See also Science and the Toxic Scare Machine - editor

Last week, Dr. Judith Curry, climate scientist from Georgia Institute of Technology, admitted on
Watt's Up With That that climate scientists needed to do a better job of communication in order to reestablish trust after the debacle of Climategate. In reply, both sides, warmist and skeptic, ripped her to shreds. That, Dr. Curry wrote, showed that she had probably got it right.

In fact, Dr. Curry doesn't have a clue. If she is talking about communication and trust, then she is merely talking about public relations -- fancy footwork in the dance of politics. Today in America, we have a climate science that plays second fiddle to climate politics. It is just a prop for the Al Gores and the environmentalists and their program of political power.

It is disgraceful but true. Scientists today serve as loyal subalterns in the army of government power. The narrative of the disinterested scientist is a myth. Scientists get their money from government, and in return, they dance to the music of big government. That is science's Big Problem.

It all started in 1806, when the Prussians invented the research university as part of their plan to strengthen the state and defeat the French. Pretty soon, Marx invented "scientific socialism" to create a synergy between knowledge and political power. Social science developed knowledge that governments used to control people with the administrative state. 

Of course, governments reward their supporters. Physicists helped government get a nice big bomb, and government gives physicists great big particle accelerators to play with as a reward. Biologists work for government doing the science for environmental impact statements; climate scientists work for government to support the politics of climate change. If you wonder why college professors all vote Democratic, just follow the money.

Curiously, in the year the Germans got all this going and opened the University of Berlin, someone figured out that there was going to be a problem.

Goethe published the first part of Faust  in 1806. 

At least Goethe's scientist hero in 1806 understood that his search for the essence of life was a pact with the Devil. Our modern scientists don't possess that level of self-consciousness. They don't believe in the Devil, so they don't have a problem.

In her Watt's Up With That article, Dr. Curry blandly writes about "what some have called a 'monolithic climate denial machine.' Skeptical research published by academics provided fodder for the think tanks and advocacy groups, which were fed by money provided by the oil industry."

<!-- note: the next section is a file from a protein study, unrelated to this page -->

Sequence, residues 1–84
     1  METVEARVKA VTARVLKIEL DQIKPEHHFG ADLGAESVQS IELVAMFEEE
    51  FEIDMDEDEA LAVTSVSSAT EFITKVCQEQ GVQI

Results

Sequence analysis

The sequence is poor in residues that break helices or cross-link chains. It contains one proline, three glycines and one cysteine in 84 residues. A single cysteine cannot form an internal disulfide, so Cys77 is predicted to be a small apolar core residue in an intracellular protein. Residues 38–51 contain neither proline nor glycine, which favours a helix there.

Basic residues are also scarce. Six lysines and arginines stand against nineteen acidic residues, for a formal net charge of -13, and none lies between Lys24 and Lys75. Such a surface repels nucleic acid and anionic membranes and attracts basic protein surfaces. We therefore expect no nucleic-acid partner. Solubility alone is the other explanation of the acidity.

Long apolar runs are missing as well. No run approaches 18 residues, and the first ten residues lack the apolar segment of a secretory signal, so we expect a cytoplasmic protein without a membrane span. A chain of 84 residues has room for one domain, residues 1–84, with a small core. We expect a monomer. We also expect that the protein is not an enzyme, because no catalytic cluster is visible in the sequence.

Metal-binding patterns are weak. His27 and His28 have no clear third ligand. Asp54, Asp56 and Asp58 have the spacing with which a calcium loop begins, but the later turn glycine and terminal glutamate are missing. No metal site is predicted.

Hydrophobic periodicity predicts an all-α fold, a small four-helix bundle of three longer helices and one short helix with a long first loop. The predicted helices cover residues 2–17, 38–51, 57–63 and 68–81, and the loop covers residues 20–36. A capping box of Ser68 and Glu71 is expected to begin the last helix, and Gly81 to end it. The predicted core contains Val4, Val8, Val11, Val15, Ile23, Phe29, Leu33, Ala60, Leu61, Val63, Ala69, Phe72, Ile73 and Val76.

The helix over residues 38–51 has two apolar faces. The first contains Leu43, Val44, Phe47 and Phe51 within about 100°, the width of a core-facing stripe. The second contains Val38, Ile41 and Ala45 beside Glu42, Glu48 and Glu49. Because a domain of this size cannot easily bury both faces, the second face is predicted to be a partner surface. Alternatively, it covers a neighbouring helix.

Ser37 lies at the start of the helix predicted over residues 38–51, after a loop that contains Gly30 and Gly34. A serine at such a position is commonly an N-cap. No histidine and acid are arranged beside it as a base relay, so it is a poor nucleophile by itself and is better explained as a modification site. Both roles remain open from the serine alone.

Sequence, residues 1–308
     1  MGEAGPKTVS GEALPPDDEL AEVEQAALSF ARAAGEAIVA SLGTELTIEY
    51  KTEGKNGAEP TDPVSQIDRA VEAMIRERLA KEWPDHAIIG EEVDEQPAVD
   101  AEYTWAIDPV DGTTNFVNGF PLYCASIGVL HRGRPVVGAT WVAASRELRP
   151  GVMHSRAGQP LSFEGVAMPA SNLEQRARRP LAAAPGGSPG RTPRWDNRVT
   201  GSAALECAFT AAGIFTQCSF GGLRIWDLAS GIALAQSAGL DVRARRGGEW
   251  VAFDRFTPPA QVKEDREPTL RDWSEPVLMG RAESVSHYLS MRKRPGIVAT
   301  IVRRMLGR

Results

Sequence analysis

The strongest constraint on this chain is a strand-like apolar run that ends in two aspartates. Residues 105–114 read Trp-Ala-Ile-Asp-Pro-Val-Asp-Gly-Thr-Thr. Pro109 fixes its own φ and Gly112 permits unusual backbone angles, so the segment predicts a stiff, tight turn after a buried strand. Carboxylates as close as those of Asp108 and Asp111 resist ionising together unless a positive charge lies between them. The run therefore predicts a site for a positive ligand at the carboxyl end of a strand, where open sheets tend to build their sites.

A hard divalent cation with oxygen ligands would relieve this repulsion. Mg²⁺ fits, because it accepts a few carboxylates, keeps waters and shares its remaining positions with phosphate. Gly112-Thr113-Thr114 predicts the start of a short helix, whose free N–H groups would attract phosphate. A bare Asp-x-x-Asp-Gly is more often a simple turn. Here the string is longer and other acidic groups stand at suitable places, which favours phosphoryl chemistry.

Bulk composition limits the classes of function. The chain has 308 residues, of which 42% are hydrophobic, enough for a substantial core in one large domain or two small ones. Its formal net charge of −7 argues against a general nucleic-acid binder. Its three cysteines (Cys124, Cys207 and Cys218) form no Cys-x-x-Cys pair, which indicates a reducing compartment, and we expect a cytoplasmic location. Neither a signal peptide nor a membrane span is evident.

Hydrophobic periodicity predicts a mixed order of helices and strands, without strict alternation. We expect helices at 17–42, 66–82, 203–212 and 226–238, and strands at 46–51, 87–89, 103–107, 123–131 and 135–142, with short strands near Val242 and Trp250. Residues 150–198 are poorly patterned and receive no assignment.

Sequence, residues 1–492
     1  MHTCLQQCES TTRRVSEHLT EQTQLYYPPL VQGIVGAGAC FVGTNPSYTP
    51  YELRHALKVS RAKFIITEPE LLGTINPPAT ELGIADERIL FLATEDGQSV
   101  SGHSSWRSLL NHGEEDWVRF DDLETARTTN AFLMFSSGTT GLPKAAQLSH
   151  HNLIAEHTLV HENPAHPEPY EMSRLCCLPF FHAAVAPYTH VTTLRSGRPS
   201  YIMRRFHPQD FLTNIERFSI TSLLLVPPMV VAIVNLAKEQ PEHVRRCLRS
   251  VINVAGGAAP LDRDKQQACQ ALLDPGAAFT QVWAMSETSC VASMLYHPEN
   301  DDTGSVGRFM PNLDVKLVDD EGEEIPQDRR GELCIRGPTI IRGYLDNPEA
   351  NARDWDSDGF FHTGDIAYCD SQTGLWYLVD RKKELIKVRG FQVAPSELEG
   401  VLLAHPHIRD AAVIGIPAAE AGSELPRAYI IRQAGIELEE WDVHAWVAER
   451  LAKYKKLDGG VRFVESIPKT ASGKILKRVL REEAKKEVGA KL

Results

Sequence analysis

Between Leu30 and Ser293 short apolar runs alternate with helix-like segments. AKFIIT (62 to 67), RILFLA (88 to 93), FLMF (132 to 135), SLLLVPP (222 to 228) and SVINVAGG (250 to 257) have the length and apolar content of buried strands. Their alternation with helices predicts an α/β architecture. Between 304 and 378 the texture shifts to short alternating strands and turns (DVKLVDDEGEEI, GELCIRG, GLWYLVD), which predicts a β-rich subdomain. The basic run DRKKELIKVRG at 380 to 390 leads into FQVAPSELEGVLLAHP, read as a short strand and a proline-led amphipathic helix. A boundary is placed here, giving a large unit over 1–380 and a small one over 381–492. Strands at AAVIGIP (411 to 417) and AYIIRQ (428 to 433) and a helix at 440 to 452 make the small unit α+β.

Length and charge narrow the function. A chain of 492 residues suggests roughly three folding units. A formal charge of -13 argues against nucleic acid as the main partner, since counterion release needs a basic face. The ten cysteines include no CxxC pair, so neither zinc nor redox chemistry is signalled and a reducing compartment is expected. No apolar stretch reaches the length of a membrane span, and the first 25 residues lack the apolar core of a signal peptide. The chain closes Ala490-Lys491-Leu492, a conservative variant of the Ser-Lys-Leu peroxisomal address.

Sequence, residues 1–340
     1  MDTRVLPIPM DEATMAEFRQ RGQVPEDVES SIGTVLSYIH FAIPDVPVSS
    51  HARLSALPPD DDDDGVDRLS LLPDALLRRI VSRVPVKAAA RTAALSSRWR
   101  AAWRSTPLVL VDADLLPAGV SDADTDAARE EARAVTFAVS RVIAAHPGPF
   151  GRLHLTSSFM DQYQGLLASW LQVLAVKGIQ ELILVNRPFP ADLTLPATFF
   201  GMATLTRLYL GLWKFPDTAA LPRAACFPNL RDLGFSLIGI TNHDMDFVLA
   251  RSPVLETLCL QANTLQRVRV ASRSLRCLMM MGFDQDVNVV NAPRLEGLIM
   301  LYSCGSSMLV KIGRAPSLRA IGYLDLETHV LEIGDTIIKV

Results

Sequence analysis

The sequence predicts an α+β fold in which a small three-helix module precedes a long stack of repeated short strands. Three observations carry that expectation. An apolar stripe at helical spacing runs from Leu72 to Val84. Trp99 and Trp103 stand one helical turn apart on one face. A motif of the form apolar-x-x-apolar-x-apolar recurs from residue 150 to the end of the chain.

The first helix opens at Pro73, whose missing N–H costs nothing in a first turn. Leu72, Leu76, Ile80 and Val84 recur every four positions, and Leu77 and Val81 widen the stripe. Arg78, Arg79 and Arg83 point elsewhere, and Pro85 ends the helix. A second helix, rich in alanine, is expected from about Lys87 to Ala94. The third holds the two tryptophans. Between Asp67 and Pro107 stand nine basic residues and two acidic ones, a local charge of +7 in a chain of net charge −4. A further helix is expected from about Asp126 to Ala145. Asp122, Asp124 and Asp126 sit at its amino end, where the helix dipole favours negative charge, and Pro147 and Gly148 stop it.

There are peer-reviewed article about this -- for instance, "The Organization of Denial: Conservative Think Tanks and Environmental Skepticism" in Environmental Politics in June 2008. It teaches that oil companies did contribute to the skeptic campaign as part of the Global Climate Coalition in the 1990s, but that they withdrew after the 2001 IPCC report. Since then, the conservative think-tanks have struggled on in denial alone, although Media Matters thinks otherwise.

Modern scientists like Dr. Judith Curry are not in the least disturbed by the dance between knowledge and power. They know, of course, that dancing for the Pentagon is bad. They know that lap-dancing for Big Oil is bad. But it never occurs to them that the dance between scientists and government in climate science might make them ethically challenged. Anyway, as members of the "educated class," they fully endorse the program of the governing elite -- as they should.

It's easy to sneer at the scientists. They accept the idea that corporate money might taint their science. But that is the limit of their ethical universe. That government money might corrupt the scientist is beyond the ken of modern scientific ethicism.

The scandal is not that scientists are ethically challenged when it comes to living on the government dollar. Nor is it shocking that scientists have conspired with politicians to falsify results or to anathematize the opponents of the politicians. A political servitor should do no less. The scandal is that politics has so enveloped science into its worship of power and its ritual of force that decent practitioners of science like Dr. Judith Curry utterly lack an appreciation of their debasement and their servitude.

In the theory of the Greater Separation of Powers that I have developed from Michael Novak's Spirit of Democratic Capitalism, the solution is obvious. We must have a separation of science and state. Science, as a part of the moral/cultural sector, must be separate from government and the political sector. But how can we create a scientific tradition that can liberate science from its servility? Will it take a Moses to lead the scientists out of the land of Egypt into the wilderness until the servile generation dies out?

One thing we know: That Moses won't be President Obama. He's increased the government's research budgets substantially over the benighted levels in the Bush administration. Expect America's scientists to be suitably, and ingratiatingly, grateful.

Christopher Chantrill is a frequent contributor to American Thinker. See his roadtothemiddleclass.com and usgovernmentspending.com. His Road to the Middle Class is forthcoming.